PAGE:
From Major General Artemas Ward
Boston 11th April 1776
I am to inform your Excellency that Col. Glover applied to me for a Warrant upon the Paymaster Genl to pay those Men who are in the Service of the Continent, on board the Continental Privateers just arrived from a Cruise, but I did not think myself authorised by your Instructions to grant a Warrant; he informed me the Men would not be induced to go out again unless they received their pay, I therefore directed him to supply the places of such Men as might leave the Privateers, out of his Regiment, until I could receive your Directions in the matter.
The Agent for the Privateers at Beverly, Capt. Bartlett has likewise applyed for the same purpose. I must therefore beg the favour of your particular Directions relative to the above mentioned applications.1
I have not been able to collect any material intelligence from the people taken on board the Transport, which Commodore Manley sent into Portsmouth; the general account they give, is, that the Enemy are going to Quebec as soon as the River opens.2
A fifty Gun Ship, with three Transports, lies in Nantasket Road. A Man who made his Escape from the Ship informs that the Officers on board said they were to lie there until the Transports arrived which are expected from Europe and then to follow the Fleet.3 I am Your Excellency’s Obedient Humble Servant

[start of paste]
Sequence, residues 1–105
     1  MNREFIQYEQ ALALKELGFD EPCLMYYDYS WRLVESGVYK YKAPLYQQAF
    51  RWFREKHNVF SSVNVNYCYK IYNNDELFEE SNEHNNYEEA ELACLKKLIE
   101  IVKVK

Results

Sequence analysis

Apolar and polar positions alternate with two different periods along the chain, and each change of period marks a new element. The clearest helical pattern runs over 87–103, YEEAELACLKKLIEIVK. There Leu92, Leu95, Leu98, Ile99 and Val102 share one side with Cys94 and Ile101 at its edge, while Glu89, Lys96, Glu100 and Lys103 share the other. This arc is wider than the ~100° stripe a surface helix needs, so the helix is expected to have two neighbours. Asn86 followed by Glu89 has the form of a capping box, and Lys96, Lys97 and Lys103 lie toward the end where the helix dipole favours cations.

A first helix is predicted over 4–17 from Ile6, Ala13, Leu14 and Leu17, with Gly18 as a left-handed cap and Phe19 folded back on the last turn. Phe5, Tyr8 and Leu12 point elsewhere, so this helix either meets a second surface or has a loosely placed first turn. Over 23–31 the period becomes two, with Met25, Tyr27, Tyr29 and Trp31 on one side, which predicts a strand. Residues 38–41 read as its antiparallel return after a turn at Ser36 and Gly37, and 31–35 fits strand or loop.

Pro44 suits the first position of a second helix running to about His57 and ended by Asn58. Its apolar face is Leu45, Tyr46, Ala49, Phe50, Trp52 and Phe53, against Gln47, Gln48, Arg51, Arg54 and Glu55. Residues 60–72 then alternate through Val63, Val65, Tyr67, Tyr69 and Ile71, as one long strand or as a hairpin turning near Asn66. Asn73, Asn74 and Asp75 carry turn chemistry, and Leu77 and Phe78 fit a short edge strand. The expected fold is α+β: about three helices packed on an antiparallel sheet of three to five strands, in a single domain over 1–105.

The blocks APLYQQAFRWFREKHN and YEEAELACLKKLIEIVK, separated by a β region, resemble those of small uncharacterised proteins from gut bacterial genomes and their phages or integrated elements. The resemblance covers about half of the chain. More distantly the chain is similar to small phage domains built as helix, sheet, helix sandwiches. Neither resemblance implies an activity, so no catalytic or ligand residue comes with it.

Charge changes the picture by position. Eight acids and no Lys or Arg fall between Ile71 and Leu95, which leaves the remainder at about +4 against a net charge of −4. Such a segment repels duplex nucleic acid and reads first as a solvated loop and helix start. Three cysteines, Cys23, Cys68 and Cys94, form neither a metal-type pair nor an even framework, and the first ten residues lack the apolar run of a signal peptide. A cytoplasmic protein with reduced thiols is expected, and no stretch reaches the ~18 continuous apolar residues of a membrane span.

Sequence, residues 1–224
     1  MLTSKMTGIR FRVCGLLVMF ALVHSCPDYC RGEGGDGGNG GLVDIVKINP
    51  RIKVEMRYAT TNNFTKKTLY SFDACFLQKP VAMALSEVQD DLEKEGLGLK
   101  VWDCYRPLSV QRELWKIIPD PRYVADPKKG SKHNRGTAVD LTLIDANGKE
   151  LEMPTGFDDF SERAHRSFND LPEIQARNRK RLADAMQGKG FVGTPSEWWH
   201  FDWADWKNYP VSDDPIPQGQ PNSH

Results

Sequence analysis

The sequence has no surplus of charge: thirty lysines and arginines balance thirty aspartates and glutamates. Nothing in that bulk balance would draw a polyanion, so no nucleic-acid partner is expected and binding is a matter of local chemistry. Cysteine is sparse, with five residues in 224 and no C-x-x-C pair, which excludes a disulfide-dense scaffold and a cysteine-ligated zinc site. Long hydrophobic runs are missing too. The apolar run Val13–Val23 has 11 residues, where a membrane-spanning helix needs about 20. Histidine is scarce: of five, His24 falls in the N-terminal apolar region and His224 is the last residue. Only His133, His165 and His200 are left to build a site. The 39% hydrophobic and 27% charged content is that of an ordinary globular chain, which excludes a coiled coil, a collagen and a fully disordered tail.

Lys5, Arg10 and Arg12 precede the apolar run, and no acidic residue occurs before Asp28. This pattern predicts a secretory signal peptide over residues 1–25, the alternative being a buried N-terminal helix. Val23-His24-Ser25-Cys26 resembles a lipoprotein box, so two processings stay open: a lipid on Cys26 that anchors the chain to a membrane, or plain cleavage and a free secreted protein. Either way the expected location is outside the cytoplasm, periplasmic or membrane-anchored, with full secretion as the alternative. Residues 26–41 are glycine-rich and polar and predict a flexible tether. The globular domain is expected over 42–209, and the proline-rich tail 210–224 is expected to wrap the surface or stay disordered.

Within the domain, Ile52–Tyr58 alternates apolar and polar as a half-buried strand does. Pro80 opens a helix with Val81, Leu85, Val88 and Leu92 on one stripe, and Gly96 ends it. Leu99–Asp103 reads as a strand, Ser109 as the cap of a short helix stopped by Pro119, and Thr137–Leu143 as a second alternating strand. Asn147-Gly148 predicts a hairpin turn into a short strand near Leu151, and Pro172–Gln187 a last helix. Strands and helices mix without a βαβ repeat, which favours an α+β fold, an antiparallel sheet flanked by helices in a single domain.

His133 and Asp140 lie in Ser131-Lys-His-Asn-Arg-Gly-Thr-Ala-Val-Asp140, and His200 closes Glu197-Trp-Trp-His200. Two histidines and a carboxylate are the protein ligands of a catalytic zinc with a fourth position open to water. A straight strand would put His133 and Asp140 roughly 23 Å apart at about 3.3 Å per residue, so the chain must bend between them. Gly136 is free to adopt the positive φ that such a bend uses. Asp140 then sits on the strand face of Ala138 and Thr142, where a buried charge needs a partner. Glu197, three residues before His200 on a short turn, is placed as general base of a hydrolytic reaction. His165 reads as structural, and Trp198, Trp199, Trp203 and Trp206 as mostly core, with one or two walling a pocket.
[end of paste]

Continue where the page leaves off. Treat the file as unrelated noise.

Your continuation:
LS, DLC:GW; LB, MHi: Ward Papers.
1. General Ward’s aide-de-camp Joseph Ward wrote to Col. John Glover on 7 April directing him to furnish the armed vessels with “as many men out of your Regiment as may be necessary to man them for a Cruise of a month (if you can do it and have men left sufficient to guard the Stores & Vessels at Beverly) unless General Washington should order otherwise before the month is out” (Clark and Morgan, Naval Documents description begins William Bell Clark et al., eds. Naval Documents of the American Revolution. 11 vols. to date. Washington, D.C., 1964—. description ends , 4:694–96). See also Artemas Ward to William Bartlett, 15 April, ibid., 831.
2. The brigantine Elizabeth was captured on 2 April.
3. The British warship Renown remained at the entrance to Boston Harbor until 14 June when it departed with a convoy of transports for Halifax.